If you add a new folder containing another mu-plugin, you will have to edit the load.php file. However, you can automate this process thanks to some PHP functions. Replace the content of the load.php file by the following lines.

// Opens the must-use plugins directory
$wpmu_plugin_dir = opendir(WPMU_PLUGIN_DIR);

// Lists all the entries in this directory
while (false !== ($entry = readdir($wpmu_plugin_dir))) {
$path = WPMU_PLUGIN_DIR . '/' . $entry;

// Is the current entry a subdirectory?
if ($entry != '.' && $entry != '..' && is_dir($path)) {
// Includes the corresponding plugin
require($path . '/' . $entry . '.php');

// Closes the directory

This script will automatically include the mu-plugins stored in subdirectories. Note that it requires that the main file of a plugin has the name of its folder.

Moreover, you can see another disadvantage of including mu-plugins stored in subdirectories: as they are not found by WordPress by default, they won’t appear in the must-use plugins list we presented above. That way, you won’t be able to see which must-use plugin is installed without looking at the directory itself.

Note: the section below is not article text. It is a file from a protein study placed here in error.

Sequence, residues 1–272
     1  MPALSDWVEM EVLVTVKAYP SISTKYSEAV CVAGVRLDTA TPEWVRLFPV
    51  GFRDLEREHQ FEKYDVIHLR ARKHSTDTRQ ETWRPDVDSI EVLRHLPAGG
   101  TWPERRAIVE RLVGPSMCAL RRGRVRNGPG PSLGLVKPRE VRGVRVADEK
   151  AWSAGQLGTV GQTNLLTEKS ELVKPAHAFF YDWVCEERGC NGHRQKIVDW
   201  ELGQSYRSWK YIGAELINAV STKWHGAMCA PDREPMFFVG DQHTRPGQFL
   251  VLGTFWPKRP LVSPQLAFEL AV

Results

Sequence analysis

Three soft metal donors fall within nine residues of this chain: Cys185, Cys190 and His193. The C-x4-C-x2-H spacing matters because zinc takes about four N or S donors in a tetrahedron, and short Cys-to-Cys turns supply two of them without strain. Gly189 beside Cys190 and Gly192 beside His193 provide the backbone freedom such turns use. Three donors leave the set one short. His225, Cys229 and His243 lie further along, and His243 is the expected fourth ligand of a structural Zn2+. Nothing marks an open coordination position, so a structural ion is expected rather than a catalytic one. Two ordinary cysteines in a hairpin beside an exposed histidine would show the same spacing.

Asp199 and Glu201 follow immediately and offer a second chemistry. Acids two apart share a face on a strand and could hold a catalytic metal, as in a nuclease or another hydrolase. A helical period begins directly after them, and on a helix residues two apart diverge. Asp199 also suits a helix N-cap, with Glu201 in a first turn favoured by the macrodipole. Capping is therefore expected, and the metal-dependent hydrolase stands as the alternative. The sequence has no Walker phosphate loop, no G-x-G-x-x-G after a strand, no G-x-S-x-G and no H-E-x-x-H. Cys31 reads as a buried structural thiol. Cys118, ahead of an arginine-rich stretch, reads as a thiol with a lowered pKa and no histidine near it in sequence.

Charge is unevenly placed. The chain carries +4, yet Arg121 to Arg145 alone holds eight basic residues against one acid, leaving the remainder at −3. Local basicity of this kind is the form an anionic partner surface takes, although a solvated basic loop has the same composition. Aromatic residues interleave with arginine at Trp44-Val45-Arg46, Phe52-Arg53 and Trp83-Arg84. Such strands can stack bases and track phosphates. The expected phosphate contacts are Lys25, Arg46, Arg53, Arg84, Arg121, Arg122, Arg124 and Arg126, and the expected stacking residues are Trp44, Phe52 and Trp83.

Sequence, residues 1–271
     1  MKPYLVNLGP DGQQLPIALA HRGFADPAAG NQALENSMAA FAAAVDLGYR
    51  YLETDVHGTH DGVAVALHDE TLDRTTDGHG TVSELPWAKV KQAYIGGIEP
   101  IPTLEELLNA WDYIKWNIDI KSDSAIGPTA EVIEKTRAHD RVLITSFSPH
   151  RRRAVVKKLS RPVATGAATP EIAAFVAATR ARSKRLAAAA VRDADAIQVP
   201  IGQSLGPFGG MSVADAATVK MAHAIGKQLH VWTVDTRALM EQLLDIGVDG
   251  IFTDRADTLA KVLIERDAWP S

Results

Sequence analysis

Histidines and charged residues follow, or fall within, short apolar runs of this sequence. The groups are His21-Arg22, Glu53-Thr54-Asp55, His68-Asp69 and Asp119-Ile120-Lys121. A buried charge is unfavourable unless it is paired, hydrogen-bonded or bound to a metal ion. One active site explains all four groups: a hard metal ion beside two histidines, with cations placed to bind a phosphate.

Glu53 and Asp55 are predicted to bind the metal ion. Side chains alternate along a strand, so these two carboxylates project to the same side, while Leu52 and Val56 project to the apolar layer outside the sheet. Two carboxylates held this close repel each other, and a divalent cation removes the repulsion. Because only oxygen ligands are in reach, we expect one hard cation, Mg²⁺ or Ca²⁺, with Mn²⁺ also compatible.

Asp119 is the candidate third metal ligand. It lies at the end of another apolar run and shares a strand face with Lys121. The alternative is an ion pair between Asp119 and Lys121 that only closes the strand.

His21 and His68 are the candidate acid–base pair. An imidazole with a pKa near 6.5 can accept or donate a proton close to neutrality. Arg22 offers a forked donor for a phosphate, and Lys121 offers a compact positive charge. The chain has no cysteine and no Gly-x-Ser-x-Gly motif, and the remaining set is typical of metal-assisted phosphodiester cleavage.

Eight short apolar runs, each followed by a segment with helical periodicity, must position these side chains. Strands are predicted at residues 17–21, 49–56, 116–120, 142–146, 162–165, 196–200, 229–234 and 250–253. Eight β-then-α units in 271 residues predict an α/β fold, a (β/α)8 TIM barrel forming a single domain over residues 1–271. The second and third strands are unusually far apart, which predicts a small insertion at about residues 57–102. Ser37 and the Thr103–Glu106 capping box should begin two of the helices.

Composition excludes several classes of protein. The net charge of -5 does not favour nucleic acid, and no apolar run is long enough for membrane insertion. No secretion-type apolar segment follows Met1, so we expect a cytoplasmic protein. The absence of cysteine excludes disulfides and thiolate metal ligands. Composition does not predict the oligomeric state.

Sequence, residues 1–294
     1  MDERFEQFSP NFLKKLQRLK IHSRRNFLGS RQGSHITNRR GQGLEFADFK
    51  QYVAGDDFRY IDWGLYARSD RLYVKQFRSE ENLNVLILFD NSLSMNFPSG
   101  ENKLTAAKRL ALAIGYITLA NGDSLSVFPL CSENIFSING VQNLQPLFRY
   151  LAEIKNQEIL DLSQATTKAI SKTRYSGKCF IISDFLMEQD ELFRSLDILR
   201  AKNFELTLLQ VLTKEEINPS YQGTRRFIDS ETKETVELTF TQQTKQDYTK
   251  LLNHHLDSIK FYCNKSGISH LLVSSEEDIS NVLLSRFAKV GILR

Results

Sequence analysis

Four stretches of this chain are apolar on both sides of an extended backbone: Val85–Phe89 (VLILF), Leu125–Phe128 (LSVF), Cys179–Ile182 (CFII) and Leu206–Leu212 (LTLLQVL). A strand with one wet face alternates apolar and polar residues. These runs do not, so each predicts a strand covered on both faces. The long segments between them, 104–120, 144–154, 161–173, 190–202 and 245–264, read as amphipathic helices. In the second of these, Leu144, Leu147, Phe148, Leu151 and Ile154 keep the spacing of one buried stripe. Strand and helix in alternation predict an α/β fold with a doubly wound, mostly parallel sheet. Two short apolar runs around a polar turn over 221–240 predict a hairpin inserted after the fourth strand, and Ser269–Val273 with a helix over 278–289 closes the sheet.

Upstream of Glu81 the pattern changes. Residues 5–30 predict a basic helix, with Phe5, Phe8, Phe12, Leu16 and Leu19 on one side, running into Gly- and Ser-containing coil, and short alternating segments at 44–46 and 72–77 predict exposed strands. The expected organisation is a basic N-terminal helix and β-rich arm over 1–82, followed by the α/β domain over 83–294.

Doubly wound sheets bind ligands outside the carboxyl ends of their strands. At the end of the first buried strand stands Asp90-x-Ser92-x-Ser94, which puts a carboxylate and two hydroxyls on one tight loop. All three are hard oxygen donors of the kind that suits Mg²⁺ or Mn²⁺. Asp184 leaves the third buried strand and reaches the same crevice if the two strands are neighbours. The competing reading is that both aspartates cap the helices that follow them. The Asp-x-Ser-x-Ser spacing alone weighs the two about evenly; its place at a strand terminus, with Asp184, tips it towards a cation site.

In Conclusion

Must-use plugins are a way to add features to the WordPress core by adding files into the wp-content directory. The advantage is they won’t be deleted by an update of WordPress, so you can be sure that you will always retrieve your features.

A mu-plugin is still a plugin. When you want to add feature to WordPress, you can often chose to either use a classic plugin or a must-use plugin without the risk of not retrieving a function you need, unless that function is an activation hook. The only difference between these two types of plugins is that the must-use plugins will always be executed and they can’t be deactivated. So if you ask yourself whether you must choose classic plugins or must-use ones, seeing mu-plugins as an extension of WordPress can be a good idea.

Finally, there is another disadvantage of must-use plugins which we did not cover above. WordPress won’t tell you if an update exists for mu-plugins, so if you use one that you did not write yourself, you will have to verify by yourself if an update exists.

The examples of this tutorial can be retrieved here, where you will find an archive containing four mu-plugins: the ‘Hello World!’ example and another example which loads two other ‘Hello World!’ type plugins to show that we can store mu-plugins in subdirectories. To test these examples, create the mu-plugins subdirectory into the wp-content folder and place the files and folders of the archive in this subdirectory.